“You know…” Laurel will say when it’s again time to take the dictionary back to her apartment for its six-month visit, “you know, my apartment feels so big. It’s so empty.”

You can no longer leave this task to Michael or Larry. It is a transfer you will have to do yourselves.

“My house feels enormous. And there are so many steps,” Daphne will say.

“The elevator is a merciful invention for old bags like us.”

“Old bags carrying bags.”

You will sit at a coffee shop and you will talk and you will remember each other. You will listen to each other, curious, attentive, to this person you barely know yet know so well.

And then Daphne and Laurel, the identical twin sisters with identical red hair now acquired from two different downtown colorists, will fall into their old ways. They will live together again. In a building with an elevator. They will have a spot in the living room for the dictionary on its altar. They will argue over how much salt to cook with and whether or not to put the knives in the dishwasher. They will argue about words and they will chat about words as if words were pets.

* * *​

Sally smiles as she sees all this rolling out in the time she doesn’t have but they do. You must know this already, she wants to tell her daughters. But you’re so stubborn that the story will take time, years. That’s how stories are in life. It’s like reading the dictionary from cover to cover, she wishes she could tell them.

They come into the room and sit, one on either side of the bed. They each take one of Sally’s hands. Their hands do not touch, but Sally doesn’t mind. You don’t have to touch to be touching. I am touched. You have always touched me, even when I felt so alone, when you were one.

In Sally’s story, at this very spot, there is a momentary sentimental shudder.

The word is “love,” the story tells her, but she says, No, that is nonsense. “Love” is a four-letter word, the story says, but Sally says, No, you are missing the point. There is no word, just words, lots and lots of them, a universe of words, galaxies of them.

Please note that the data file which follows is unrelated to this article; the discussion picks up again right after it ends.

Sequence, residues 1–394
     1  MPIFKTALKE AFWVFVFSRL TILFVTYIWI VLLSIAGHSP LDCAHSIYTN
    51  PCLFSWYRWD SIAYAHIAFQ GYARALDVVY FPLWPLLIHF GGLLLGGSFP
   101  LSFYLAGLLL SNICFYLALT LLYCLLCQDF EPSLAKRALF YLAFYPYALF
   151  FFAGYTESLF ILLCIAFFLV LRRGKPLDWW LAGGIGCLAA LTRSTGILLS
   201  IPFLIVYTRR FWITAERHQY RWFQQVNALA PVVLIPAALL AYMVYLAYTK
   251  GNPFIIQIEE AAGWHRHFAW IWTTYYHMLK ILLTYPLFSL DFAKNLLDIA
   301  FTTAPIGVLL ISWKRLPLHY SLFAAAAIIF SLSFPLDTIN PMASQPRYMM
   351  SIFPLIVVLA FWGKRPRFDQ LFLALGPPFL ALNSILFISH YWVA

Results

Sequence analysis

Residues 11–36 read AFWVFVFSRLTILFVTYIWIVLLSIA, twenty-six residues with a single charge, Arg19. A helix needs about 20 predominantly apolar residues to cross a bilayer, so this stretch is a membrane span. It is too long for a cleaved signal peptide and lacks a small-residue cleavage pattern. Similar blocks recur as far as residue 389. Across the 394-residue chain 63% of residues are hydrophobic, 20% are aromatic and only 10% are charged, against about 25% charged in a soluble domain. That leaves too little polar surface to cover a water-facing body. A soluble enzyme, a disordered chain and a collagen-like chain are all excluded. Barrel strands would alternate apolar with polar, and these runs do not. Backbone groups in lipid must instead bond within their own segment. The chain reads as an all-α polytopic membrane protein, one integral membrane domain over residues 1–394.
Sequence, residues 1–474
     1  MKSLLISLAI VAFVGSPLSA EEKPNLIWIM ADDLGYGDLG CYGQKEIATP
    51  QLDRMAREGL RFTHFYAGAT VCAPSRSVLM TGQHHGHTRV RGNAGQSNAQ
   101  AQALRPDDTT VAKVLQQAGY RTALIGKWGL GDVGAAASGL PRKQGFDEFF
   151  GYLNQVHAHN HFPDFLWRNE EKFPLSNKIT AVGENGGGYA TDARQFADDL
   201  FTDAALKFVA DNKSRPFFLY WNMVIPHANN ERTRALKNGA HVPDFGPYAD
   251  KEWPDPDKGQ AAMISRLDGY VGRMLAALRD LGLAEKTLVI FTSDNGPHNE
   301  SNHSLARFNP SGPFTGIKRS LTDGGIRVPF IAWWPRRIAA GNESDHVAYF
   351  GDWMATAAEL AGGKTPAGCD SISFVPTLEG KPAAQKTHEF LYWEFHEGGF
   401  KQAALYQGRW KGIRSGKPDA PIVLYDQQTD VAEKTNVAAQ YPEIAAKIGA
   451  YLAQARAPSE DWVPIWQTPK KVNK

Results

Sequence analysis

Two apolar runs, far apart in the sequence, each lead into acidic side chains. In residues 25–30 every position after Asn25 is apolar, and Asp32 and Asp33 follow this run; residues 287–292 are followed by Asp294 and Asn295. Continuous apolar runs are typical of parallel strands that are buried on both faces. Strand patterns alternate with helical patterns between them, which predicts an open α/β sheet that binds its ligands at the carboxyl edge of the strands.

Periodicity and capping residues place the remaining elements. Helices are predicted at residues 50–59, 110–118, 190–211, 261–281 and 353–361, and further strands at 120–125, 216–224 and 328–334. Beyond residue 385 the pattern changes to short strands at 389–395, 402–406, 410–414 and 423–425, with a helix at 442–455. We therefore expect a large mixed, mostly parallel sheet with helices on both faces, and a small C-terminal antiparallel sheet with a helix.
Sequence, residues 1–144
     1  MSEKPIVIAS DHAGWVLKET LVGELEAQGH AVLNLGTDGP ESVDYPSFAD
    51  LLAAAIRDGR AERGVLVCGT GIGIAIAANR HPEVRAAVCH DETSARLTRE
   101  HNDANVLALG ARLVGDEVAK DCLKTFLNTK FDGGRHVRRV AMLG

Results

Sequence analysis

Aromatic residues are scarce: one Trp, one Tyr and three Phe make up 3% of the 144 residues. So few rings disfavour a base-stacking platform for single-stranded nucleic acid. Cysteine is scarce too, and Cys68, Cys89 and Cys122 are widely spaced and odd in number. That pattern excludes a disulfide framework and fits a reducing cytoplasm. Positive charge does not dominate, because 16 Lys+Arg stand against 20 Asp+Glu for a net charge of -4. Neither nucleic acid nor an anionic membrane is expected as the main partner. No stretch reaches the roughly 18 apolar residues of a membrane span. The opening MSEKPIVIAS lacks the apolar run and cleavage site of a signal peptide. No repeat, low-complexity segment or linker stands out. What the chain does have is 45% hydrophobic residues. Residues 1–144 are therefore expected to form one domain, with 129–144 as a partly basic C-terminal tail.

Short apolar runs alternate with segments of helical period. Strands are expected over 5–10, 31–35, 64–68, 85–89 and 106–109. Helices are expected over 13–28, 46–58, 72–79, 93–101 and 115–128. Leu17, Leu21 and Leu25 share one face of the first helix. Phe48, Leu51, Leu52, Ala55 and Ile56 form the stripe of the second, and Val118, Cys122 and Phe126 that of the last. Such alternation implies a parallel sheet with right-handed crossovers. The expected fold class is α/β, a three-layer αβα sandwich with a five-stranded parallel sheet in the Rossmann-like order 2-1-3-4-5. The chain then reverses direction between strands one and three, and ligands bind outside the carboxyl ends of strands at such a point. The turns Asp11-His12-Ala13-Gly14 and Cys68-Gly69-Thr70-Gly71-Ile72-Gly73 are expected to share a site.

The story shrugs and continues with these words: Daphne and Laurel love each other. Sally does not bother to answer, for that is a given, that is essential, that is albumen and yolk and shell together. Relax, she would tell the story if the story cared to listen. Relax and see what happens next.


First, foremost, fervently, and forever I would like to thank my editor, shepherd, and pal, Sarah Crichton, who is simply the best; Molly Friedrich and Lucy Carson, the dynamic duo, thank you; Kimberly Burns, dynamic dynamo, thank you; Jonathan Galassi, Lottchen Shivers, and everyone at FSG, thank you; Tommy Denby, revered son and linguist, thank you; word lovers of Twitter, especially Nancy Friedman, thank you; for the all-important pencil, thank you, Betsy Wildman; and for the room with the Assisi view, thank you, thank you, Art Workshop International. I was a bad copy editor long ago, and so to the many good copy editors everywhere I say, thank you, thank you, thank you, and please forgive the inevitable errors. My motto: I stand, corrected.